2. They play favorites

Maybe Taylor can do no wrong, but Lee seems to be the company scapegoat. If your boss points fingers at some employees while praising others for the same level of work, they’re toxic. 

3. They can’t admit their own shortcomings

Yikes! While they love complaining about others’ minor mistakes, some bosses have a hard time admitting (or sometimes even recognizing) their own flaws. This is definitely toxic behavior, and could even be a sign that your boss is a narcissist. 

4. They expect you to do their job

Toxic bosses love to take credit for others’ work. They might even try to pass off their duties to you, but without giving you the credit you deserve, of course. 

5. They throw fits

Temper tantrums aren’t just for toddlers, apparently. If the smallest thing sets your boss off into fits of rage, not only is your boss toxic, the work environment might even be unsafe. 

Read more: Ending the Hostile Work Environment

How their toxicity impacts you

Sometimes it’s crystal clear that you’re in a toxic work environment, but other times, your body might tell you before your brain consciously recognizes the situation. Here are some signs that your boss’ toxic behavior is impacting your wellbeing. 

1. You feel sick at work

Does your stomach hurt every morning? Or perhaps you’ve developed chronic migraines. When work stress becomes severe, emotional stress often shows up through physical ailments, like headaches or even stomach ulcers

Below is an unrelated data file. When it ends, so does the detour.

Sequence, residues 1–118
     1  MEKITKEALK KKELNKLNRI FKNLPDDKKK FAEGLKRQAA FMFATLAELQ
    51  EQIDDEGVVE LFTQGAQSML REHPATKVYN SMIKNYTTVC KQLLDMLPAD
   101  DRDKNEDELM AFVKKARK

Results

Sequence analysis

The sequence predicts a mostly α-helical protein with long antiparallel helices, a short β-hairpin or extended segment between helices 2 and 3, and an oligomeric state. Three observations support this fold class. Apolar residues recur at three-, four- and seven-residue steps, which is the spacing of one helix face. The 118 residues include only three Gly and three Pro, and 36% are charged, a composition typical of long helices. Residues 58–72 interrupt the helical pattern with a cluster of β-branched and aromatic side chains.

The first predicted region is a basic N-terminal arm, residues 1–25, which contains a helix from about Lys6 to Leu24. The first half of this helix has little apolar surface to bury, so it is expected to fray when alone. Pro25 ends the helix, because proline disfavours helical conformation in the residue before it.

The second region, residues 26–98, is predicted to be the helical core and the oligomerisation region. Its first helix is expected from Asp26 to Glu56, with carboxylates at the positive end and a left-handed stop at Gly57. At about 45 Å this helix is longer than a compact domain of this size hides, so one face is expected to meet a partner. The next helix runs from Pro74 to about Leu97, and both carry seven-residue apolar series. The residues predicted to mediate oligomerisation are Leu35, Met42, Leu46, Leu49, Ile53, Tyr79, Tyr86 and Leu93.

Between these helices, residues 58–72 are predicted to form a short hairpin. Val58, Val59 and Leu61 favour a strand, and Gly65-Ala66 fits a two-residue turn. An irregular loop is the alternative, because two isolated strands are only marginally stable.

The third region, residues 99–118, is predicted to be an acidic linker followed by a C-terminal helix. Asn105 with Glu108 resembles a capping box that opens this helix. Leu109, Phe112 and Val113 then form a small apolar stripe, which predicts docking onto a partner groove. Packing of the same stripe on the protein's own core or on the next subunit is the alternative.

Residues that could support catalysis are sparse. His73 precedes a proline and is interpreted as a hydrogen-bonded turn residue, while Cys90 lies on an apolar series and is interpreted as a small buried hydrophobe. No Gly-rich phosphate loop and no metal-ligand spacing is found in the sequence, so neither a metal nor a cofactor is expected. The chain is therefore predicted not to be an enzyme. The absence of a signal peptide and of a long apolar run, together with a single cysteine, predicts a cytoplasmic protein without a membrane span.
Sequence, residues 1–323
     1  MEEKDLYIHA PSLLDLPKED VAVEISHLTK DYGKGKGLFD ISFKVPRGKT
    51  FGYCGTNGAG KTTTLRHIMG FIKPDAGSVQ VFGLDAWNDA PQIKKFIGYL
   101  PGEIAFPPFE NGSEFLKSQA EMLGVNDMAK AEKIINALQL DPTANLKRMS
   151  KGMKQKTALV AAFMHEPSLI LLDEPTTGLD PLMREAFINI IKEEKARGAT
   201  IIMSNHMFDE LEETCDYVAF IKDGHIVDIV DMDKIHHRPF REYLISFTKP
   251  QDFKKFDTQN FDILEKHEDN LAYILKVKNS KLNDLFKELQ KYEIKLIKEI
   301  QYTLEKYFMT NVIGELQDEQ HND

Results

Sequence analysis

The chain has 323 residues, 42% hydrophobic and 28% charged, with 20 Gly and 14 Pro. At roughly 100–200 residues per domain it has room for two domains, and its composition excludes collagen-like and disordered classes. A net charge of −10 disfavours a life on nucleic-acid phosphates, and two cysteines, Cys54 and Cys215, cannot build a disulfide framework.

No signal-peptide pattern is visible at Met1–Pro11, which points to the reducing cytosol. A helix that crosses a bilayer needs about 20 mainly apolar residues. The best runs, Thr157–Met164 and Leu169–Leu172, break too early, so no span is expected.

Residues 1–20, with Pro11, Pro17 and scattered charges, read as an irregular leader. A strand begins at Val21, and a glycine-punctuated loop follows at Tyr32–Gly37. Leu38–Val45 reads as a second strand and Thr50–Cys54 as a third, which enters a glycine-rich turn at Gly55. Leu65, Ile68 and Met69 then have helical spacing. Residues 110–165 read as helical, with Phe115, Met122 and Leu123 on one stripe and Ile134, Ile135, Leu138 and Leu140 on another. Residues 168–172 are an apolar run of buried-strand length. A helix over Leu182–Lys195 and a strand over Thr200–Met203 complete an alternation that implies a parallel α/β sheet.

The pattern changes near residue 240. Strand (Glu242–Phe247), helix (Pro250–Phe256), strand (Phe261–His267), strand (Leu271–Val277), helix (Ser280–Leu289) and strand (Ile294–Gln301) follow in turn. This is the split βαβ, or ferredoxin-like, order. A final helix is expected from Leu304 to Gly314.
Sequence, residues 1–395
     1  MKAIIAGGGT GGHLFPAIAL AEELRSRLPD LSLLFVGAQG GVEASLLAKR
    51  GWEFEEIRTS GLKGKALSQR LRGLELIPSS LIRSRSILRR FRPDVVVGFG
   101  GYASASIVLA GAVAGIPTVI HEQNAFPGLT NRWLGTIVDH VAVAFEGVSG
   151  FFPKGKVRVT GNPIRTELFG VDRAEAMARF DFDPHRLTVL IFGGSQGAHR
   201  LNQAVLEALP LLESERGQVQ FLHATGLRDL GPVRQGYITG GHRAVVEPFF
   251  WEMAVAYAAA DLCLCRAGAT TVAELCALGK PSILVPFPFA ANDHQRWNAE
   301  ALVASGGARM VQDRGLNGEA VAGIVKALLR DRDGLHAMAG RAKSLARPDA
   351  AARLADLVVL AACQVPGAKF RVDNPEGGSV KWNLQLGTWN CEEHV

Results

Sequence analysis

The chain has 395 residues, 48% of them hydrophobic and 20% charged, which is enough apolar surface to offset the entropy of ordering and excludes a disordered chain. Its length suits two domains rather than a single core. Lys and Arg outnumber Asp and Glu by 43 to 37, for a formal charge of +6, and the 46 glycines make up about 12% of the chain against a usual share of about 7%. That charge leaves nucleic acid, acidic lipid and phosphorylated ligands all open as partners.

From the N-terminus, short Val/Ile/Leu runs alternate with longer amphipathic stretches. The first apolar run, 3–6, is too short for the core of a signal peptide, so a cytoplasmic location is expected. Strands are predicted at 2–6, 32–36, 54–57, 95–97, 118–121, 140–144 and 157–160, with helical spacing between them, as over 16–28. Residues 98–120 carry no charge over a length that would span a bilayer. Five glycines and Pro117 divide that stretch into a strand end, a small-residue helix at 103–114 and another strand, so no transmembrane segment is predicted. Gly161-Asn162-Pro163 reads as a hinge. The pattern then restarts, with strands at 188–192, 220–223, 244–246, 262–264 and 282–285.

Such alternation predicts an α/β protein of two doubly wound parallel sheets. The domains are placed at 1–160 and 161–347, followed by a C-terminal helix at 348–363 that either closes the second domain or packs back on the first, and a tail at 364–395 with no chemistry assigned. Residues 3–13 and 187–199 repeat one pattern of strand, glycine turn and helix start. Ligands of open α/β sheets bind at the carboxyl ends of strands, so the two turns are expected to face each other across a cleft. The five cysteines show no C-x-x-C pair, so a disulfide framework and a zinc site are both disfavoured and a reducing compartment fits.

2. You feel anxious before coming in

We all remember the twinge of fear hearing the words “pop quiz” struck into our elementary school hearts. You may feel that same dread before coming to the office. Although most of us would rather sleep in than come to work, it’s not normal to fear your workplace. That’s a sign you’ve been impacted by a toxic boss.

3. You’ve developed nervous habits

If you find yourself biting your nails, jiggling your leg, or drumming your nails on your desk, you might have developed a nervous habit to deal with the stress of your work environment. If you didn’t do any of these things before you had a toxic boss, it could be a sign you’re being impacted by one now. 

4. You’re experiencing low self-esteem

It can be easy to internalize negativity when it’s being spewed at us constantly. Especially if your boss is overly critical, you might find yourself feeling less confident. That’s a tell-tale sign you’re in a negative environment.